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Posted by cappy-300589 - Created: 6 years ago
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8 replies (Showing replies: 1 to 8)

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Posted by job-212223 - 6 years ago

Please someone tell me why the law is totally on the tenants side in this country (as well as other countries). I sent the huissier three times to our apt where the tenant has not paid his rent now since last november and then finally went to court last month to try and get him out. We now have to wait for the judgement to be passed on the 15th May. Is there anything we can do to make him leave as this just seems to be going on and on!!!!! Its just not fair that people who blame the crisis on not being able to get work can live rent free in an apt using our electric and water!!!!!!!!!!!!!!!!!!

Angry, Juan Les Pins

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Posted by nissalabella - 6 years ago

It's important that at least six months before the end of the contract, you send your tenant a registered letter with "accusé de réception". You need to make sure you send one letter per tenant listed in your lease, ie if it is under Monsieur et Madame, both need to be advised separately. This is the first part of the action. Then, 2 weeks after they were due to leave, and they didn't, you need to contact your local bailiff (huissier de justice) together with all relevant papers concerning your tenants. Please bare in mind that there are only 3 reasons for you to want the flat back : 1. they don't pay the rent - it doesn't count if they pay late -, 2. you need to live in your flat, and 3. you want to sell the flat.
By the way, is the flat furnished? This is an important matter because it could be under a 12-month lease contract, you need to check with the agent who did the transaction. BTW, equipped kitchen and/or bathroom don't qualify for "furnished".
Hope this helps, don't despair, we had to implement several actions thru tribunals, bailiff, lawyer, name it, but it was for an unpaid rent and, finally, after 18 months we got the flat back, in a very poor state...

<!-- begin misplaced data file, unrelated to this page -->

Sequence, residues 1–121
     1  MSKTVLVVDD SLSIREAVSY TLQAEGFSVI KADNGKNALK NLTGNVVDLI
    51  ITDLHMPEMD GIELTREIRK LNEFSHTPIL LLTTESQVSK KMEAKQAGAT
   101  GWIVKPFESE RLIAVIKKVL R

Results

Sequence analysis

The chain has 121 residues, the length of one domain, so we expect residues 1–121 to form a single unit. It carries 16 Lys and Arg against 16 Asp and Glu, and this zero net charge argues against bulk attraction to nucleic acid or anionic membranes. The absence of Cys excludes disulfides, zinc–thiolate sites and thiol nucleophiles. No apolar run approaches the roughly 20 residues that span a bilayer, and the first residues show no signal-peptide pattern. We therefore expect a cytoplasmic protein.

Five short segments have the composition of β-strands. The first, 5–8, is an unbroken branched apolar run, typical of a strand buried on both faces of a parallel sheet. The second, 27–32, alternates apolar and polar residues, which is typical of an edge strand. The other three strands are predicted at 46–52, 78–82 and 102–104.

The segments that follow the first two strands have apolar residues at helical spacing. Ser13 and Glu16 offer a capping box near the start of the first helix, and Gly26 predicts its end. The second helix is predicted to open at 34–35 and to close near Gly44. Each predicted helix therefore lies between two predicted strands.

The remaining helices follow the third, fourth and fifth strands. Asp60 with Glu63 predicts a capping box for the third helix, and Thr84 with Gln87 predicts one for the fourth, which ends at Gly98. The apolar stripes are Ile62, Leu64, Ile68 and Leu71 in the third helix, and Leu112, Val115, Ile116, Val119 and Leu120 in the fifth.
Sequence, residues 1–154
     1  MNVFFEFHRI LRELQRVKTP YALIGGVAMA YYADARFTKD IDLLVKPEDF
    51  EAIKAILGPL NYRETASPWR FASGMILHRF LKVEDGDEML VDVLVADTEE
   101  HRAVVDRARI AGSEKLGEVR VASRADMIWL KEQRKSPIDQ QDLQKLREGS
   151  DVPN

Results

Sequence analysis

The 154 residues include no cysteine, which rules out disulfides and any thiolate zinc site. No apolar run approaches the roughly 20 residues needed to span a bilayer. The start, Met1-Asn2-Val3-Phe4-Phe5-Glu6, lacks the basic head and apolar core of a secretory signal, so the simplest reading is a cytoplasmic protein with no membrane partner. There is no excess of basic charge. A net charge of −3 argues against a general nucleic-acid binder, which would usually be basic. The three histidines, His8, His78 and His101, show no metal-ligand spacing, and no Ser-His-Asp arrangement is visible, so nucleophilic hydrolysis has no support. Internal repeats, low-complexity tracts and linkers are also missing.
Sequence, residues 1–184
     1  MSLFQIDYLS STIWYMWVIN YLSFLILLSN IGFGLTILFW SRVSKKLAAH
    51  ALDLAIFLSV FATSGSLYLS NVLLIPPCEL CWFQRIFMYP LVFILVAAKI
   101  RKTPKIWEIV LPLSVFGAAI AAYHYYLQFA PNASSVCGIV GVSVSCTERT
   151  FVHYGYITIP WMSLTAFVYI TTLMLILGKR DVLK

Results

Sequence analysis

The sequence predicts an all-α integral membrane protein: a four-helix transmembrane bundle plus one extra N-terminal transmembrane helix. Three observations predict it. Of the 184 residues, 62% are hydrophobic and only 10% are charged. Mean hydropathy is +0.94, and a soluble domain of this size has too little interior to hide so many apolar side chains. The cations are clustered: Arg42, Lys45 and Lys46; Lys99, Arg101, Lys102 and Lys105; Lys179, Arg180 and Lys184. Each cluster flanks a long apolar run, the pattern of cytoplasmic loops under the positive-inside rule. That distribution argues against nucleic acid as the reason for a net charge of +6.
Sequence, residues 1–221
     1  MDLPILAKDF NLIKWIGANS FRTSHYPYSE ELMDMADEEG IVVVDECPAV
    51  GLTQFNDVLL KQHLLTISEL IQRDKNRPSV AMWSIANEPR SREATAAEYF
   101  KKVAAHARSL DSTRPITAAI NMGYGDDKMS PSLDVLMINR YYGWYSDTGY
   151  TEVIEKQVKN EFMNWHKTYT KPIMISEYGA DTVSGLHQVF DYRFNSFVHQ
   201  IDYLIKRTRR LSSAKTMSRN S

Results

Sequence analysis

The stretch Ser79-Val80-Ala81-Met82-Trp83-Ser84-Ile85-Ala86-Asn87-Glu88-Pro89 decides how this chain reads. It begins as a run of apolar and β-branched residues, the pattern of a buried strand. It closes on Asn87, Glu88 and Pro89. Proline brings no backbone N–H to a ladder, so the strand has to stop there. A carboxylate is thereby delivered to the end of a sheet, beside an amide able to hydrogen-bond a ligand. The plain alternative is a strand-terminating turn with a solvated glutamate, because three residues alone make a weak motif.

Good luck and don't hesitate to contact us if you're in need of further information.

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Posted by mayperle - 6 years ago

Hi,Is it a furnished or empty flat?If it is empty, you can get it back in 6 months if you send a letter saying you want it back for yourself. If it is furnished you may have to wait... But a 3 yr furnished lease is strange...

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Posted by WizardofOz-226715 - 6 years ago

We had the same problem. No you CANNOT break the lease " if a familly member needs the accomdation" - you can only use that as a reason not to RENEW another three year lease!! (they can sue you and win if you put new tenants in instead). And the notice period is 6 months on a three year lease NOT 3 (that's how we got stuck with our tenants for a further two years.....
Make sure you give the notice through a Huissier if you think there are going to be problems - otherwise they may refuse your lettre recommandé or just not go to the post office to pick it up = you have missed the 6 month deadline - again.
Good luck!

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Posted by cappy-300589 - 6 years ago

There is no answer to the problem apart from waiting until the end of the lease, I understand this, I just thought I would pose the question in case there was someone who knew something I didn't.
Thanks for your replies.

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Posted by cappy-300589 - 6 years ago

I did the tenancy through an agent that I trusted, and the three year lease was not explained to me....I would have prefered a one year lease...now I am stuck with it....

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Posted by Redbull-305003 - 6 years ago

Every time they are late on payment you must send a letter recommnde / accusse d'reception and you can break the lease if a familly member needs the accomdation,but if you have signed a 3 year rental this can take up to 6 months, during October to March you cannot remove tenants.

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Posted by eurokiné-187861 - 6 years ago

try your local ADIL office, but I dont know if you will be able to oblige them to leave if their lease is nowhere near finished.
The rules over here are heavily biased to protect the tenant, and you can usually only enforce notice that has been given 3 months before the end of the lease (by recommended letter with accusée de reception)